The effect of this would be that laws inconsistent with fundamental rights would be valid qua these persons. These citizens of India are not entitled to the protection of Article 14 (equality), Article 15 (prohibition of discrimination on basis of religion, caste, race or place of birth), Article 16 (Equality of opportunity in matters of public employment and reservations), the fundamental rights under Article 19 including the right to free speech and the right to life and liberty under Article 21. They are not entitled to the freedom of practice and propagation of religion under Article 25. They are also not entitled to protection of interests available to minorities under Article 29 and 30. The non-State subjects, who are citizens of India, who live in Jammu & Kashmir by virtue of Article 35A, are denied these protections. The pre 2002 position in relation to daughters who marry outside the State that they would lose their right of inheritance is based on the authority to discriminate against citizens of India, between citizens of India and State subjects which Article 35A confers.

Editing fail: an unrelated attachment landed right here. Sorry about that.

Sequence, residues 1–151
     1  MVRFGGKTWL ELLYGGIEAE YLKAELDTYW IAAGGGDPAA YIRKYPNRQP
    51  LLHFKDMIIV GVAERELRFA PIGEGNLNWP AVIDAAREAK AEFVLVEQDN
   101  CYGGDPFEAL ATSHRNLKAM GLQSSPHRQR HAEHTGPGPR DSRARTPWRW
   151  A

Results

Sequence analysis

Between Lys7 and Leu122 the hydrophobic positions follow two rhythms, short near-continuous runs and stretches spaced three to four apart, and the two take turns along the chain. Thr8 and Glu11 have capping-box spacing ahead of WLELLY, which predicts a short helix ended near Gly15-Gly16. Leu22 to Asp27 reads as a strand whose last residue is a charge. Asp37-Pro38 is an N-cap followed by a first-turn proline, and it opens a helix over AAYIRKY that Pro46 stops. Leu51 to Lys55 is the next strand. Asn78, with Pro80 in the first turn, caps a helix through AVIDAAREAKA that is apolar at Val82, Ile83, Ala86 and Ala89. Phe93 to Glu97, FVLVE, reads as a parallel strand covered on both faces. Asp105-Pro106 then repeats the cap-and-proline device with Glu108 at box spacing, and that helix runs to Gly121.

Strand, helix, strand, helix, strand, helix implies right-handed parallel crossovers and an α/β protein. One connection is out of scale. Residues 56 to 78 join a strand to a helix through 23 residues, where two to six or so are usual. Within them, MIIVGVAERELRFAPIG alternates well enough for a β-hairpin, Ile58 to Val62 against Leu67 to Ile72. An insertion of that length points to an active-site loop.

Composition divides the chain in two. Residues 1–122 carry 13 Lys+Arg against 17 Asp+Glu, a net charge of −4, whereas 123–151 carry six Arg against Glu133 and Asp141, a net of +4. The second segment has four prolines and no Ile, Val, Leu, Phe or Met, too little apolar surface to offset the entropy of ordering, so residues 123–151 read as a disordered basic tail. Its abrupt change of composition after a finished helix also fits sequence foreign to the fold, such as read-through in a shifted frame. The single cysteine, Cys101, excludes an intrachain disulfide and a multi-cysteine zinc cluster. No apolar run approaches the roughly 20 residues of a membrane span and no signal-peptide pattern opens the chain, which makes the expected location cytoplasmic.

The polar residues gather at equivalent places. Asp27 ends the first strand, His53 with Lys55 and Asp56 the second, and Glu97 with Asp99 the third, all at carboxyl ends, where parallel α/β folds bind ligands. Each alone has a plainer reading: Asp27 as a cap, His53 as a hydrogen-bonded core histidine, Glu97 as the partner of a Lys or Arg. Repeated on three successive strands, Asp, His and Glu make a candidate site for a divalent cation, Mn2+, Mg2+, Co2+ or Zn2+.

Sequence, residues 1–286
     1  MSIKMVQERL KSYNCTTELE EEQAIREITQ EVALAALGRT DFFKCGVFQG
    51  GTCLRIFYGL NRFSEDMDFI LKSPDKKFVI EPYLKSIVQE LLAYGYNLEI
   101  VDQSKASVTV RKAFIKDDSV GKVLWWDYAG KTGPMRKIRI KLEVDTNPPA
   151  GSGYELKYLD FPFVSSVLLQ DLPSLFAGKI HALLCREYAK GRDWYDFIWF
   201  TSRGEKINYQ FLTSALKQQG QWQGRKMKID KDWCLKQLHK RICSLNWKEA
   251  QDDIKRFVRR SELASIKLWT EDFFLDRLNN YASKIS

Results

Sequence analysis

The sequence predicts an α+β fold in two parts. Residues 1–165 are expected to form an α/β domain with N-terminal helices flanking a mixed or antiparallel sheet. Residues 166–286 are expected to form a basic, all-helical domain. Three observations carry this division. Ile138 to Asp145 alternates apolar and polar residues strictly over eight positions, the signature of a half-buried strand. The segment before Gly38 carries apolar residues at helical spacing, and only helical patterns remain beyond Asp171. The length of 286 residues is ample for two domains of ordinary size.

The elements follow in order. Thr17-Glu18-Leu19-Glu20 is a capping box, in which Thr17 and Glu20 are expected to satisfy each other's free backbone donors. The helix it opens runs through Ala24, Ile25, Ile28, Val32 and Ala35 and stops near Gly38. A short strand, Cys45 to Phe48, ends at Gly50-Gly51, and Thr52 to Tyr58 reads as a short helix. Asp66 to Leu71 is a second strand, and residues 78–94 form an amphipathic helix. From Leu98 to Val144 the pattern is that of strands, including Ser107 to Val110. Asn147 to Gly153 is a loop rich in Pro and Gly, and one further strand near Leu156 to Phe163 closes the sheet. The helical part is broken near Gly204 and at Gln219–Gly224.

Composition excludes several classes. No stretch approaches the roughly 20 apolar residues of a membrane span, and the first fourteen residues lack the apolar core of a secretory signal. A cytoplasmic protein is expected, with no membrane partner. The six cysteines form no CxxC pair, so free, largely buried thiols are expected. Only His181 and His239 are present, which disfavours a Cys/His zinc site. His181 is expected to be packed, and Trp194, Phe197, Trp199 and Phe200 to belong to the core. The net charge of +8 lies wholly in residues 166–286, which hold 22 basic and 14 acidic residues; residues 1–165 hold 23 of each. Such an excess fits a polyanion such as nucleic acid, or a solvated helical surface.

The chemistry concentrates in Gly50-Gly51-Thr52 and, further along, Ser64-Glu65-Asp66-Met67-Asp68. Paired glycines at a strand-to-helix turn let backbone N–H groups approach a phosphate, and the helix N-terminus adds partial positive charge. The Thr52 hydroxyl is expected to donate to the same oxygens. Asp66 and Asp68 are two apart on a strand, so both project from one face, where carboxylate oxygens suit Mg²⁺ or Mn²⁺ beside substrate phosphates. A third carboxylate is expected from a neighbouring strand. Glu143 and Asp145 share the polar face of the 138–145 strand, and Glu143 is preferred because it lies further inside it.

Should a provision like Article 35A which exists only because of Article 370 have place in any civilized society? It is oppressive against citizens of India. It is discriminatory and violative of fundamental rights. Article 35A was inserted in 1954. On a bare reading, it violates the basic structure of the Constitution. I wonder if its constitutional validity will be challenged at some point of time. 


Earlier, on December 2, Mr Jailtley had blogged as follows:

The Anti - Daughter position in Jammu & Kashmir -

Yesterday Shri Narendra Modi and Shri Rajnath Singh addressed a huge rally in Jammu & Kashmir.

Jammu & Kashmir’s integration with India is an essential part of the ideology of Bhartiya Jana Sangh and now the BJP.  The BJP believes that Dr. Shyama Prasad Mukherjee’s vision of complete integration of Jammu & Kashmir was the correct vision for India.  

The Nehruvian vision of a separate status has given rise to aspirations for the pre-1953 status, self-rule and even Azadi. The desire of proponents of these three ideas has weakened the constitutional and political relationship between Jammu & Kashmir and the rest of the country. The journey of separate status has been towards separatism and not towards integration. It would be incorrect for anyone to interpret BJP’s challenge for a debate on this issue as a softening of stand on Article 370.